Alarums, excursions. Enter the
|BASTARD||Now, by my life, this day grows wondrous hot;
Some airy devil hovers in the sky
And pours down mischief. Austria's head lie there,
While Philip breathes.
|[Enter KING JOHN, ARTHUR, and HUBERT]|
|KING JOHN||Hubert, keep this boy. Philip, make up:
My mother is assailed in our tent,
And ta'en, I fear.
|BASTARD||My lord, I rescued her;
Her highness is in safety, fear you not:
But on, my liege; for very little pains
Will bring this labour to an happy end.
|KING JOHN||[To QUEEN ELINOR] So shall it be; your grace shall
So strongly guarded.
|Cousin, look not sad:
Thy grandam loves thee; and thy uncle will
As dear be to thee as thy father was.
|ARTHUR||O, this will make my mother die with grief!|
|KING JOHN||[To the BASTARD] Cousin, away for England!
And, ere our coming, see thou shake the bags
Of hoarding abbots; imprisoned angels
Set at liberty: the fat ribs of peace
Must by the hungry now be fed upon:
Use our commission in his utmost force.
|BASTARD||Bell, book, and candle shall not drive me back,
When gold and silver becks me to come on.
I leave your highness. Grandam, I will pray,
If ever I remember to be holy,
For your fair safety; so, I kiss your hand.
|ELINOR||Farewell, gentle cousin.|
|KING JOHN||Coz, farewell.|
|[Exit the BASTARD]|
|QUEEN ELINOR||Come hither, little kinsman; hark, a word.|
|KING JOHN||Come hither, Hubert. O my gentle Hubert,
We owe thee much! within this wall of flesh
There is a soul counts thee her creditor
And with advantage means to pay thy love:
And my good friend, thy voluntary oath
Lives in this bosom, dearly cherished.
Give me thy hand. I had a thing to say,
But I will fit it with some better time.
By heaven, Hubert, I am almost ashamed
To say what good respect I have of thee.
|HUBERT||I am much bounden to your majesty.|
|KING JOHN||Good friend, thou hast no cause to say so yet,
But thou shalt have; and creep time ne'er so slow,
Yet it shall come from me to do thee good.
I had a thing to say, but let it go:
The sun is in the heaven, and the proud day,
Attended with the pleasures of the world,
Is all too wanton and too full of gawds
To give me audience: if the midnight bell
Did, with his iron tongue and brazen mouth,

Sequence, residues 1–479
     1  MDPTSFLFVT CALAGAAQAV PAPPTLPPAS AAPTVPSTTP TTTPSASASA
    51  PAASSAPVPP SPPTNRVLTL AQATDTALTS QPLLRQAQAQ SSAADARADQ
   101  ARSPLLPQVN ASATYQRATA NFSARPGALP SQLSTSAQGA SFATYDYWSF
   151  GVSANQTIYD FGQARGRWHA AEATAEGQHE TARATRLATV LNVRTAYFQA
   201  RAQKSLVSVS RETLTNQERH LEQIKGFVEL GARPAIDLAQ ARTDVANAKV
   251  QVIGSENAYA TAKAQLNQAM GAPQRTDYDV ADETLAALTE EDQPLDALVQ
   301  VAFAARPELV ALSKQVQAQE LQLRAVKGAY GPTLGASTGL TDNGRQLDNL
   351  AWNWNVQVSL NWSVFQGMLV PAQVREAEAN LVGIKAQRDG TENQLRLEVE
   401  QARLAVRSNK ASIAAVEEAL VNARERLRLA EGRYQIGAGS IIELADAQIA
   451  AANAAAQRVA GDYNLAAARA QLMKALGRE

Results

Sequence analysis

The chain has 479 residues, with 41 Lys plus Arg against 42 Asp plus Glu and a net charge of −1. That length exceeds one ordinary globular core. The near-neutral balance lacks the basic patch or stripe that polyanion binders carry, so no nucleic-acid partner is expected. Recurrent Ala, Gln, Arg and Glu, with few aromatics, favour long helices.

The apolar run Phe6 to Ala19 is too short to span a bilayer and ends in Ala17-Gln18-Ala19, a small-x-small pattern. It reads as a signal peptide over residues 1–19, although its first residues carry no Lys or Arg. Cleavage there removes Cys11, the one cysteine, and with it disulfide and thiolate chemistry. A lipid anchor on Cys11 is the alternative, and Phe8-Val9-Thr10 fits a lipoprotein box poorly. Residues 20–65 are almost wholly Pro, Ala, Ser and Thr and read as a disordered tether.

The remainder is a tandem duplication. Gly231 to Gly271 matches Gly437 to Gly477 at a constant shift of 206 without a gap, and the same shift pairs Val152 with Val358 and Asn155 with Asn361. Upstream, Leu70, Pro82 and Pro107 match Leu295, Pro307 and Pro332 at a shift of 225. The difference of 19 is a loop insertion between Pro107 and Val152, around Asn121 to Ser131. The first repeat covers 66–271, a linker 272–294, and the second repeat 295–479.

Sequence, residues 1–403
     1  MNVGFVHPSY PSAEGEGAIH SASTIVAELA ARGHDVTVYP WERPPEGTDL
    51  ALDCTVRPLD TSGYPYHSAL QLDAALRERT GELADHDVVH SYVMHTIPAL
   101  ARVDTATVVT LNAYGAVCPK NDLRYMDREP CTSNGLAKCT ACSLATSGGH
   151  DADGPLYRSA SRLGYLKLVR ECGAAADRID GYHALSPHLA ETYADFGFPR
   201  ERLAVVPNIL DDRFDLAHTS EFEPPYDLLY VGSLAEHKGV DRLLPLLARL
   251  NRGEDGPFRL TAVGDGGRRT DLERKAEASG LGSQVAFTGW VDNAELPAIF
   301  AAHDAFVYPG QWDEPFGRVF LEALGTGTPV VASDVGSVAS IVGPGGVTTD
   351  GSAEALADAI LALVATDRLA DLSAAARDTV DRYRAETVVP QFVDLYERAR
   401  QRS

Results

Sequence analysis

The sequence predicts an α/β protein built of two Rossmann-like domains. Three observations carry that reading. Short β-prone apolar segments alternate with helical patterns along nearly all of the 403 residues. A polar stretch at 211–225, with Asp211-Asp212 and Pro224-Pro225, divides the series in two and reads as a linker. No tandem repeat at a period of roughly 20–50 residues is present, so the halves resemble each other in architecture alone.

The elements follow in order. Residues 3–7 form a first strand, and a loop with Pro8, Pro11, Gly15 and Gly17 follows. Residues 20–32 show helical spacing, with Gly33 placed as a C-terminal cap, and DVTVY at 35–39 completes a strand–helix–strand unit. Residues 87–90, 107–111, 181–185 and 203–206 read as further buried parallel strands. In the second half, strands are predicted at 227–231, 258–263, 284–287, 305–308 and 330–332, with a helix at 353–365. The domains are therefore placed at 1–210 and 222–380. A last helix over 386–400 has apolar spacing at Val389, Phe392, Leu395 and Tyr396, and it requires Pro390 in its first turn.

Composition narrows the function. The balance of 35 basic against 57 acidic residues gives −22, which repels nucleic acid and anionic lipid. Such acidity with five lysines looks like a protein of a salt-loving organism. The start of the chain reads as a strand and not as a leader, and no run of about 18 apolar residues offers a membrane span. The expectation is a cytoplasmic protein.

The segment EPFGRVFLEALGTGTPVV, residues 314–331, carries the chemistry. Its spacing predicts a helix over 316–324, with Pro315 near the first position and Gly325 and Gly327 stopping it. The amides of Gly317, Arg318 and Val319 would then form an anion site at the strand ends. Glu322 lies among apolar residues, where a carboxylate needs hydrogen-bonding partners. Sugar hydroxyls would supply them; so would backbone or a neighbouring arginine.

Sound on into the drowsy race of night;
If this same were a churchyard where we stand,
And thou possessed with a thousand wrongs,
Or if that surly spirit, melancholy,
Had baked thy blood and made it heavy-thick,
Which else runs tickling up and down the veins,
Making that idiot, laughter, keep men's eyes
And strain their cheeks to idle merriment,
A passion hateful to my purposes,
Or if that thou couldst see me without eyes,
Hear me without thine ears, and make reply
Without a tongue, using conceit alone,
Without eyes, ears and harmful sound of words;
Then, in despite of brooded watchful day,
I would into thy bosom pour my thoughts:
But, ah, I will not! yet I love thee well;
And, by my troth, I think thou lovest me well.
|HUBERT||So well, that what you bid me undertake,
Though that my death were adjunct to my act,
By heaven, I would do it.
|KING JOHN||Do not I know thou wouldst?
Good Hubert, Hubert, Hubert, throw thine eye
On yon young boy: I'll tell thee what, my friend,
He is a very serpent in my way;
And whereso'er this foot of mine doth tread,
He lies before me: dost thou understand me?
Thou art his keeper.
|HUBERT||And I'll keep him so,
That he shall not offend your majesty.
|KING JOHN||A grave.|
|HUBERT||He shall not live.|
I could be merry now. Hubert, I love thee;
Well, I'll not say what I intend for thee:
Remember. Madam, fare you well:
I'll send those powers o'er to your majesty.
|ELINOR||My blessing go with thee!|
|KING JOHN||For England, cousin, go:
Hubert shall be your man, attend on you
With all true duty. On toward Calais, ho!
To view other scenes from the show:
|Full Text||Act IV, Scene 2 KING JOHN'S palace.|
|Act I, Scene 1 KING JOHN'S palace.||Act IV, Scene 3 Before the castle.|
|Act II, Scene 1 France. Before Angiers.||Act V, Scene 1 KING JOHN'S palace.|
|Act III, Scene 1 The French King's pavilion.||Act V, Scene 2 LEWIS's camp at St. Edmundsbury.|
|Act III, Scene 2 The same. Plains near Angiers/Act III, Scene 3 The same.||Act V, Scene 3 The field of battle./Act V, Scene 4 Another part of the field.|
|Act III, Scene 4 The same. KING PHILIP'S tent.||Act V, Scene 5 The French camp./Act V, Scene 6 An open place in the neighbourhood of Swinstead Abbey.|
|Act IV, Scene 1 A room in a castle.||Act V, Scene 7 The orchard in Swinstead Abbey.|
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